Breathing And Whole Health: Every Breath You Take
By Georgianna Donadio, MSc, DC, PhD – Most of us take our breathing and whole health for granted. We generally do not think about how our amazing brain automatically regulates the most urgent and important bodily function we have. If we do not breathe, we do not live beyond a few short minutes. The ability to breathe and the quality of our breathing clearly has an important impact on our ability to live. It also expresses a great deal of information about the state of our nervous system and emotional health.
Breathing And Emotional Health
Breathing is such a critical function that in addition to being under the automatic control of our brain stem it is also a physical function we can control at will. We know that our breathing is affected by and directly affects our emotional states, exertion levels, nervous system fluctuations and overall whole health.
The affects of emotion on the respiratory system can readily been seen during an asthma attack, which can be very frightening and further reduces the individual’s ability to “catch their breath”. Many of us do not breathe freely. We are breathing freely when we breathe in and out through the muscles of our bellies. We tend to breathe through the chest muscles because we are tense and “holding our breath.” This starves our cells of energizing oxygen.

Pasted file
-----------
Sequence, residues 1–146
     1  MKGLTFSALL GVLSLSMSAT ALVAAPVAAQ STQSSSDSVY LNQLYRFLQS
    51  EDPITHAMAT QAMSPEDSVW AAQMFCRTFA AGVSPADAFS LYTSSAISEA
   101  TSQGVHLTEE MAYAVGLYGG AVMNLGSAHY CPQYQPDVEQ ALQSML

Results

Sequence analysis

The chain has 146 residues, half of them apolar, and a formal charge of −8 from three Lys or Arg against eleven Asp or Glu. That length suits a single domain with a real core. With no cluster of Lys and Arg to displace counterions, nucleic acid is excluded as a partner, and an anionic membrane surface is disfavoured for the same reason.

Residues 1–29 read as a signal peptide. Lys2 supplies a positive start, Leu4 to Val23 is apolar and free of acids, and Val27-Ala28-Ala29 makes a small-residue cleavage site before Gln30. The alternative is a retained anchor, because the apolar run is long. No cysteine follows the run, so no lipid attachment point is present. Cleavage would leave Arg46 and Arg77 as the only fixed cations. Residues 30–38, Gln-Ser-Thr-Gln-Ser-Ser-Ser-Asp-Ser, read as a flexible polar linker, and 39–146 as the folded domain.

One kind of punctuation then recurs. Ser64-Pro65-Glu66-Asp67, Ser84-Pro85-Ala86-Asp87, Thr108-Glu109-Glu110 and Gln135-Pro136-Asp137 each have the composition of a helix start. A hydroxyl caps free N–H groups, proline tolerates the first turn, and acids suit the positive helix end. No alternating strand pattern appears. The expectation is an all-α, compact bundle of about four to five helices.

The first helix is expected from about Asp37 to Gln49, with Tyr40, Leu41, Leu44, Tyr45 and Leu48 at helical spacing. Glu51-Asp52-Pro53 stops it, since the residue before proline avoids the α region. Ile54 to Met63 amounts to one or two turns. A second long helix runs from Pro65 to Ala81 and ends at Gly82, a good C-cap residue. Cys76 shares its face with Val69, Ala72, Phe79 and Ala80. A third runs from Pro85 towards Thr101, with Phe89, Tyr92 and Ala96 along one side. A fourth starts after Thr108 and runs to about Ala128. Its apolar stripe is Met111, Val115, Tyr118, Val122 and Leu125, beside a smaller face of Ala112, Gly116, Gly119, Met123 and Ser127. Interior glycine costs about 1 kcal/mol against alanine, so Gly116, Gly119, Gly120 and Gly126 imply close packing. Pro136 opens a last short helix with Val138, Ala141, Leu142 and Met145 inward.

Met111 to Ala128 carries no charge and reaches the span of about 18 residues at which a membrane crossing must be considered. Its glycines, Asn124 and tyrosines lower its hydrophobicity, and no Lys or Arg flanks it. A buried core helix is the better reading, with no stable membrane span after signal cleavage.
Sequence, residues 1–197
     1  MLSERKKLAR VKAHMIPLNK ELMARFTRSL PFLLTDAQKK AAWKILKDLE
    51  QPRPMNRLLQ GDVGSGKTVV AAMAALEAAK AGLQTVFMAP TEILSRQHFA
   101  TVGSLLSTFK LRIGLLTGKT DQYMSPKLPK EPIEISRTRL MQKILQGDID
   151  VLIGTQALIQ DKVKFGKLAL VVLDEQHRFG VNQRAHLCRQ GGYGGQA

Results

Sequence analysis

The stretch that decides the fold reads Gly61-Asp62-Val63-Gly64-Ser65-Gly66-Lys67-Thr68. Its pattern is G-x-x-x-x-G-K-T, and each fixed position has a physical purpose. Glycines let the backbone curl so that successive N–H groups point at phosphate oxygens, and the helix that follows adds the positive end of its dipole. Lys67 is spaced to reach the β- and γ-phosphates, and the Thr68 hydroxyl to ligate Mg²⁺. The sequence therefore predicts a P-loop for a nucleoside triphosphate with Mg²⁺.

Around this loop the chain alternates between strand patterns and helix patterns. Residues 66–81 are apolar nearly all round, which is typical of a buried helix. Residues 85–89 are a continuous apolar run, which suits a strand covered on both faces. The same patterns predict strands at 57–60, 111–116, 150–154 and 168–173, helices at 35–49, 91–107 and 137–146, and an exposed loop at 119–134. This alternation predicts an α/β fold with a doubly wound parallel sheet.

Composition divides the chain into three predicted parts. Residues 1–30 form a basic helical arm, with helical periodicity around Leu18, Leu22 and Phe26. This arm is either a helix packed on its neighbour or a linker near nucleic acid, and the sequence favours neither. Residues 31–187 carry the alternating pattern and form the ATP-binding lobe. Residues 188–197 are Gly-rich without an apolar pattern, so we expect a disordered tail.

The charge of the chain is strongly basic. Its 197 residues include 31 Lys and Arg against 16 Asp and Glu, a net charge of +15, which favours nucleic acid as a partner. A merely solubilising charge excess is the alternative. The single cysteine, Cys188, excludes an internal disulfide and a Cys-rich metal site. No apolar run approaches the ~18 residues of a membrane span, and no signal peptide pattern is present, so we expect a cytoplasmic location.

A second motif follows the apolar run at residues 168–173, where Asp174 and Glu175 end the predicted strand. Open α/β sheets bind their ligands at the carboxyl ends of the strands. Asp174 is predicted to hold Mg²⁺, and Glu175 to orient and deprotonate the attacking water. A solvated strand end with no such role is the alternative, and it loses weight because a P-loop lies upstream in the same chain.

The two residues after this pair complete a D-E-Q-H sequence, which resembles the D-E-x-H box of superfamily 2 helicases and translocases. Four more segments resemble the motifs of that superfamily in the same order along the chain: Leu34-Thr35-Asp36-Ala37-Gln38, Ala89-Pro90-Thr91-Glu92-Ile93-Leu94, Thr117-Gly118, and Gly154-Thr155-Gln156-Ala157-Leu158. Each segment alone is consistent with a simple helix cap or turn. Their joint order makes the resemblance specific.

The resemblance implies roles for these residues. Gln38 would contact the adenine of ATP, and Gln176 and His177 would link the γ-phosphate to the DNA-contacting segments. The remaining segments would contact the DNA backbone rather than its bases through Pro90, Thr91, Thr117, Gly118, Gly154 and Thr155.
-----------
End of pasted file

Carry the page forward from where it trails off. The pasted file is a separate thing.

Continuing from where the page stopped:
Deep breathing or relaxed breathing exercises can make an enormous difference in our health and vitality. By changing our breathing from shallow to deep, we can experience many whole health benefits.
Deep Breathing and Whole Health
- Breathing deeply rather than shallowly creates detoxification within our cells, bringing oxygen rich blood into our cells and cleansing out carbon dioxide.
- Breathing deeply into our bellies rather than our chest muscles produces a greater sense of calm and relaxation brought about through the increase of oxygen to the nervous system.
- This form of cleansing, nourishing breathing is conducive to whole body health and brings about a sense of inner peace.
- Deep breathing can help you sleep better and also feel more energetic because of the increase of oxygen to the brain
Breathing Exercises and Patient Education
This is a great subject to review and practice as a patient educator, health coach or nurse coach. If you would like to re-train your breathing so that you derive the most benefit each day from this life-sustaining, automatic body function – start slowing. Take just five minutes twice a day to sit quietly in your chair with eyes closed, body relaxed. Allow yourself to focus on your breath. Rather than tensing your shoulders and back muscles, let your breathing rise and fall from your belly muscles.
Practice slow, relaxed breathing for five minutes each day, twice a day. Re-train your automatic breathing patterns and help you to feel better, sleep better and be healthier and more energetic.
- For additional resources about Whole Health or Patient Advocacy explore the National Institute of Whole Health’s Whole Health Programs.